Mail: May 10, 2017 

on Vaccinations

As a mom who loves her two girls, I'd do just about anything to protect them. Our precious daughters, ages 16 and 11, are the center of the universe for my husband and me. To watch them laugh and play, you would never know these amazing kids have cystic fibrosis and bravely face daily breathing treatments and all the challenges that come with this harrowing disease.

Years ago, our girls contracted another, drug-resistant illness that makes their lungs susceptible to bacteria and further compromises their immune systems. This means that virtually any exposure to diseases like the flu, measles, mumps, pneumonia, meningitis type b or others can turn bacteria in their delicate lungs into the equivalent of rubber cement. That can cause an instantly life-threatening situation resulting in a lengthy hospitalization.

It's a scary reality. But what scares us even more is that other parents knowingly seek exemptions to allow their kids to opt out of taking vaccines for diseases that can quickly put my daughters' lives at risk. Choosing not to vaccinate is a parent's right. I understand the CDC ranks Idaho among states with the most exemptions, but it's also important for these parents to realize their actions are putting more than their own children in danger.

Not vaccinating your child can expose my daughters and others like them to dangerous diseases, even if they've been vaccinated. During a disease outbreak at school, unvaccinated students should be removed to protect the health of others. The schools also need to have student immunization information on hand to act quickly. Parents who choose not to vaccinate also need to respect the decision of those who have. It seems some schools go to great lengths to provide even greater precautions for much less. An example would be clearing menus of food containing peanuts to accommodate those with peanut allergies.

We are hopeful that vaccination, which is a proven method of disease prevention, can be discussed positively in the future so that all sides are represented fairly.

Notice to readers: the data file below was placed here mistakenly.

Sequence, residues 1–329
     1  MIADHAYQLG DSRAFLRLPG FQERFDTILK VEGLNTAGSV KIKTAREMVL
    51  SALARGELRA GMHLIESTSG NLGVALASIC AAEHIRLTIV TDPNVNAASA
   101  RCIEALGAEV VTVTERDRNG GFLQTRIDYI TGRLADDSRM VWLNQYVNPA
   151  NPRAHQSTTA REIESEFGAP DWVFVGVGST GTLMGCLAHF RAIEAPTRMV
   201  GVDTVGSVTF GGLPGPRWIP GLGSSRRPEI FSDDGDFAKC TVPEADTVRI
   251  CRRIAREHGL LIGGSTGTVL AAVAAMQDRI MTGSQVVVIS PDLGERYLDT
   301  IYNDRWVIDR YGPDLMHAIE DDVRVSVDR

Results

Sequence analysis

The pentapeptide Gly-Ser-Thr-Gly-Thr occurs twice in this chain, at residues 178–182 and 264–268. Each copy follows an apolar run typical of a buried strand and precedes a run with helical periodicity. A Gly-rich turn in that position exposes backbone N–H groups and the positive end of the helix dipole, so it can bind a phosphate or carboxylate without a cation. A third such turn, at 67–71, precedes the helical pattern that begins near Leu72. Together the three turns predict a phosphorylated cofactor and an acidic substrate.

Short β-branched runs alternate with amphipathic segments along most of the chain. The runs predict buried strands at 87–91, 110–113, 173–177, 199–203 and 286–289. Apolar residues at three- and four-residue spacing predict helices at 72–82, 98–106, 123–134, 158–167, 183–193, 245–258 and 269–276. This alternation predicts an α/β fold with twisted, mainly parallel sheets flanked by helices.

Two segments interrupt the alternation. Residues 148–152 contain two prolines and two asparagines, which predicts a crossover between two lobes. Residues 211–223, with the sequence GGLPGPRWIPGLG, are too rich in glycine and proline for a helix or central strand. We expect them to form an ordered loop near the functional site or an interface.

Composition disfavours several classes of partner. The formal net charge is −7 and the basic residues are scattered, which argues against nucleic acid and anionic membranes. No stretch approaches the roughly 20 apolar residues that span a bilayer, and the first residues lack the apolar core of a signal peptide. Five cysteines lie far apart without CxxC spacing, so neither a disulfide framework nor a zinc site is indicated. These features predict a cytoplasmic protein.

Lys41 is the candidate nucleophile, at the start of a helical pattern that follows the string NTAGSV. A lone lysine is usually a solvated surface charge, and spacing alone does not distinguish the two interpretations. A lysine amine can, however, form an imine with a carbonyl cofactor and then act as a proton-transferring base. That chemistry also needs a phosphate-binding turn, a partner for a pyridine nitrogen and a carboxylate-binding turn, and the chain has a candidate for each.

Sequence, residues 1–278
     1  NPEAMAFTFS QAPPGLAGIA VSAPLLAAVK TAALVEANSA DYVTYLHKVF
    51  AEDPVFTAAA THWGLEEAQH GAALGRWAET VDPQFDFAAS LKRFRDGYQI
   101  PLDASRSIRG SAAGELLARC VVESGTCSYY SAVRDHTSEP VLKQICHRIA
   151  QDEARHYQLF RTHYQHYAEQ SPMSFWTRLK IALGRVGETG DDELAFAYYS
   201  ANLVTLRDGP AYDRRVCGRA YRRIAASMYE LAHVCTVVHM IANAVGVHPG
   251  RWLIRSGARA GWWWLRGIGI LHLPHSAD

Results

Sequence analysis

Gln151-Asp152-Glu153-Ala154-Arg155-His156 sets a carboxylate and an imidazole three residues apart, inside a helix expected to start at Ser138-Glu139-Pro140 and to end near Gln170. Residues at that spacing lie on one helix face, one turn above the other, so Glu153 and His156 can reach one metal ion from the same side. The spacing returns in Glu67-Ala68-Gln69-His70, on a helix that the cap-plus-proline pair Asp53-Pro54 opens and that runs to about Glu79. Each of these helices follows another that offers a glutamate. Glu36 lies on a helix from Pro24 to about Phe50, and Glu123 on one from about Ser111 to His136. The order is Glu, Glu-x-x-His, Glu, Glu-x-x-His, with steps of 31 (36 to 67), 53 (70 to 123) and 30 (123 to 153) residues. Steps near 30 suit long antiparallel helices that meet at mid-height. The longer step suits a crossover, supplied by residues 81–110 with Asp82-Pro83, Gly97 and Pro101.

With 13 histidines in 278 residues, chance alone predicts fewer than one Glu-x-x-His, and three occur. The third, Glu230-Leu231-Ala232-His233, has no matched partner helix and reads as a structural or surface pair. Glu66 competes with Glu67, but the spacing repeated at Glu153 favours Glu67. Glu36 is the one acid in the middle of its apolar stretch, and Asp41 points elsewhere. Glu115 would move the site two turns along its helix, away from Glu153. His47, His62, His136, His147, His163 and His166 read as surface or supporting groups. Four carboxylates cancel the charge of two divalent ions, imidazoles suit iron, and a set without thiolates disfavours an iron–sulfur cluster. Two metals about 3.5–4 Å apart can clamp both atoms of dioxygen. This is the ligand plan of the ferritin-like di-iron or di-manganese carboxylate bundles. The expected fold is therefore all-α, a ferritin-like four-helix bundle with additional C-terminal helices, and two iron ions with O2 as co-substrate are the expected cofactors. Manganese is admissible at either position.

Regarding our specific situation, we recently spoke with one of our daughter's classes about her immune system challenges. These sweet children responded by wiping down their tables and chairs and washing their hands more often. The result? Levels of infections and sickness dropped dramatically. Keeping diseases at bay will always be a constant battle for my girls, but it is nice to know we live in a world where people do care. Please vaccinate to protect your kids and mine.

—Teea Hillyard, Ammon

Represent

The House vote to end the Affordable Care Act ignored the 75 percent to 80 percent of the population that wanted to strengthen the ACA, not replace it with the less humane and unaffordable Republican AHA. To this example of Congress ignoring the will of the majority can be added Congress not passing gun control legislation in spite of 90 percent of Americans wishing otherwise, and Hillary Clinton being the president having received 48.2 percent of the popular vote compared to Trump's 46.1 percent. These are only the most recent examples of thwarting the will of the majority and has resulted in an interest in replacing the electoral college vote by the popular vote via amending the Constitution. However, there is a simpler and potentially faster approach and that is for Congress to obey Article 1, Section 2, Clause 3 of the Constitution, which states that the membership of the House should accurately reflect the growth and distribution of the population based on each census.

This reapportionment took place until 1912, at which time there were 435 members of the House. Ten years later, when reapportionment was to occur, the Republican Party refused to comply with the Constitution. Although the population grew, dispersed and concentrated during the next 10 years, the Republican Party passed the Reapportionment Act of 1929, which officially capped the number of members of the House at 435. The result is that the majority of Americans do not have the Constitutionally mandated number of members in Congress to fairly represent them.

Both Wyoming and Montana have one representative in the House; however, Montana's single vote represents about 1 million residents while Wyoming's represents 589,713. If one does the math and extrapolates, the results are apparent. Wyoming's single vote is two times more influential than Montana's. "Bad!"

Since 1912, the population of the U.S. has increased by 233 million. Accordingly, if the members of the House were reapportioned in compliance with Article 1 of the Constitution so that "every citizen of one state have the same rights with the citizen another." In this case, the right to equal representation in the House would have led to legislation that reduced the lives lost to gun violence; families, regardless of income, would have equal access to affordable health care, and Trump would not be president of the United States.

—Gordon Brown, Driggs

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